How The Ancient Romans Pioneered The Modern Courtroom Drama

We all know film and TV's impassioned lawyer monologue scene by now, right? Sweeping gestures in the courtroom and pleas to the jury for rationality, compassion, or wisdom; grandiose, monolithic statements about truth, justice, holding the guilty accountable, and preserving the lives of the innocent; the stunned faces of jurors, audience members, and opposing legal counsels blinded by dawning realizations unveiled by the unshakable power of oratory. The best of lawyers, our fictions seem to say, are magicians and ringleaders who — by nothing more than voice, charisma, and rhetoric — ensorcell the minds of listeners and sculpt them at will. 

In the modern day, we have decades' worth of courtroom procedurals and legal dramas professing this same tale of belief in legal proceedings to rightly shape society: "Anatomy of a Murder" (1959), "To Kill a Mockingbird" (1962), "A Few Good Men" (1992), and "The Trial of the Chicago 7" (2020) to name a scant few. But, the stories imply, a society and its laws must be upheld by the few capable, willing, and talented enough to do so. Whether or not any of this self-mythologizing is true is up to the reader.

Like most things, these notions don't start and end with modernity. They go way, way back to a civilization upon which many present-day institutions derive: ancient Rome. There, as sites like Brill explain, a highly litigious society — one tailored by the persuasive power of orators — gave rise to the same courtroom spectacle that intrigues people today.

Persuasive rule in the Roman Republic

Here's a question for you: In a supposedly "democratic" society where everyone's voice equally matters, how do you know who to listen to? How do you make collective decisions if everyone's needs are different, and motivations can't be trusted? The Roman Republic (509 B.C.E. to 27 B.C.E., per Live Science) answered that question in the same way as modern, democratic states: debate, discussion, public speaking, and a consensus upheld by law. Ancient Roman elites eligible to participate in civil affairs met in the Roman Forum, a building that represented the beating heart of Rome's republic. Elections, criminal trials, speeches, business matters, religious events, and much more: all of these took place at the forum, per History

This is why wealthy Roman households trained their children in oratory, as History Learning describes. In a society where it was necessary to wrangle one's peers to get what one wanted, rhetoric, persuasion, and skill at public speaking were absolutely critical. However, some considered this method of consensus-building a kind of moral perversion, because decisions didn't seem to be based on absolute, societally-shared moral truths. Rather, they depended on whoever could persuade — i.e., deceive — the best. As master Roman orator and advocate (lawyer) Cicero himself said, "An advocate may sometimes defend what looks like the truth, even if it is less true," as the 2017 book, "Ethics and the Orator: The Ciceronian Tradition of Political Morality," quotes on Bryn Mawr Classical Review.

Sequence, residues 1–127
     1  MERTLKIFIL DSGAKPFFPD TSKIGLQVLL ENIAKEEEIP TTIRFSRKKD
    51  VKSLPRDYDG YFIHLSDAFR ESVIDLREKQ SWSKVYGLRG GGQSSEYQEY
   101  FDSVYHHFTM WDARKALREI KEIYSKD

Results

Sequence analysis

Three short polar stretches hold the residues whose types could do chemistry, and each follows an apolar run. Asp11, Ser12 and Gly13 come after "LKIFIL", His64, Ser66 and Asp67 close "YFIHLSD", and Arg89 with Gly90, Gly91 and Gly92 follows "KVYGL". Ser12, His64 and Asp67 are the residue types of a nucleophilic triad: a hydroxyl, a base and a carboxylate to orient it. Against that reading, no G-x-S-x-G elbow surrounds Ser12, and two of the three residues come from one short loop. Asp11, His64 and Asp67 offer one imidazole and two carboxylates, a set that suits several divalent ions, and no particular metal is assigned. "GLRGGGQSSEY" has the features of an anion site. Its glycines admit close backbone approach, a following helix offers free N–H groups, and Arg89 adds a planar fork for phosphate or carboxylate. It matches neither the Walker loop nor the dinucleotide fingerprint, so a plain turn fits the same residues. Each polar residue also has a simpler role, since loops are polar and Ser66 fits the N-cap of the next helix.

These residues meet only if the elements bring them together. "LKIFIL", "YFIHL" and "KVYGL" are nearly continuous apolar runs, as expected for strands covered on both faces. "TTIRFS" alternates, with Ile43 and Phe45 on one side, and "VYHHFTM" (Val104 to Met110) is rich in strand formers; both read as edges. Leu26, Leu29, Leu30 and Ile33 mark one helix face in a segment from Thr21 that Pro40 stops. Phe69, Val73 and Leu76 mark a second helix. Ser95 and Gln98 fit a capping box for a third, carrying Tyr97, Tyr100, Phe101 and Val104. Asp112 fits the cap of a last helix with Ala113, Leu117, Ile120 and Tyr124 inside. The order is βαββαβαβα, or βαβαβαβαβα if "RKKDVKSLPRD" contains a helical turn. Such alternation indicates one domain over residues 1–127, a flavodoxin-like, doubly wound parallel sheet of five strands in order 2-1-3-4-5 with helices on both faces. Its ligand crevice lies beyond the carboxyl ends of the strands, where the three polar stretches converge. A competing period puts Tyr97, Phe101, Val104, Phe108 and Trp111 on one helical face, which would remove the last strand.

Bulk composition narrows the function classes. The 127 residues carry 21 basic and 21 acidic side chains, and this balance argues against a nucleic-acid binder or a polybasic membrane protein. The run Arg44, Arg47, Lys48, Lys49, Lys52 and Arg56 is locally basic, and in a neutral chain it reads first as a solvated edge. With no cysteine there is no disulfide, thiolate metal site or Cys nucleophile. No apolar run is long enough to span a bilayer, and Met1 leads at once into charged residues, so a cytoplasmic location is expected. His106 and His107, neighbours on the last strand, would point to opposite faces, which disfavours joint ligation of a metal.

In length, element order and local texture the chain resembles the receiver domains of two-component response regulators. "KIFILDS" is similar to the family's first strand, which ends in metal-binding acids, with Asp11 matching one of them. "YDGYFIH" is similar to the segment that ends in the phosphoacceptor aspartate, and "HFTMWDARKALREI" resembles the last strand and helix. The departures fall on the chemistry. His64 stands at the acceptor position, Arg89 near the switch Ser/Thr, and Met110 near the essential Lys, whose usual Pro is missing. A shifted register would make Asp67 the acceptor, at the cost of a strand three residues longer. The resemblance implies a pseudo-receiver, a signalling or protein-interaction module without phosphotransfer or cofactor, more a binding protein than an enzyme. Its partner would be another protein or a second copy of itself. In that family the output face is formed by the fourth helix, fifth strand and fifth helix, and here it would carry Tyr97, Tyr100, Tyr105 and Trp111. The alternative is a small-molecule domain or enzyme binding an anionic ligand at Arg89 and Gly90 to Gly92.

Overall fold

Founding a new Rome

Ancient Roman values and practices are one thing, and their similarities to modern democratic processes should be obvious. But how deep does the influence go? Is it really the case that court happenings and cultural norms regarding public speaking 2,000 years ago directly impacted our modern judiciary, down to all those courtroom dramas we described earlier? In short, yes.

In the United States in particular — a wellspring of all those aforementioned romanticized visions of dramatized, moving courtroom speeches — the country's Founding Fathers very consciously modeled their newborn nation's legal structures on ancient Rome's. As Enlight Public Research Center NGO explains, the founding fathers even went so far as to identify themselves with prominent historical Romans. George Washington was the new Lucius Quinctius Cincinnatus, a mythologized general and paragon of Roman virtues like loyalty to the state. John Adams was the new Cicero, history's greatest public speaker and lawyer. Adams even chose to go into law because of Cicero.

When these men — and others like Alexander Hamilton, James Madison, and Thomas Jefferson — got together to pen the U.S. Constitution and its governmental separation of powers in 1787, they knew they'd be encouraging the same risky manner of public engagement that led ancient Rome to its oratorical obsession. Democratic processes emphasize the power of voice and presentation of information over the facts themselves, just like Cicero stated. Fast forward 230 years or so, and we've got a modern-day court moved as much by facts as the swell of sentiment.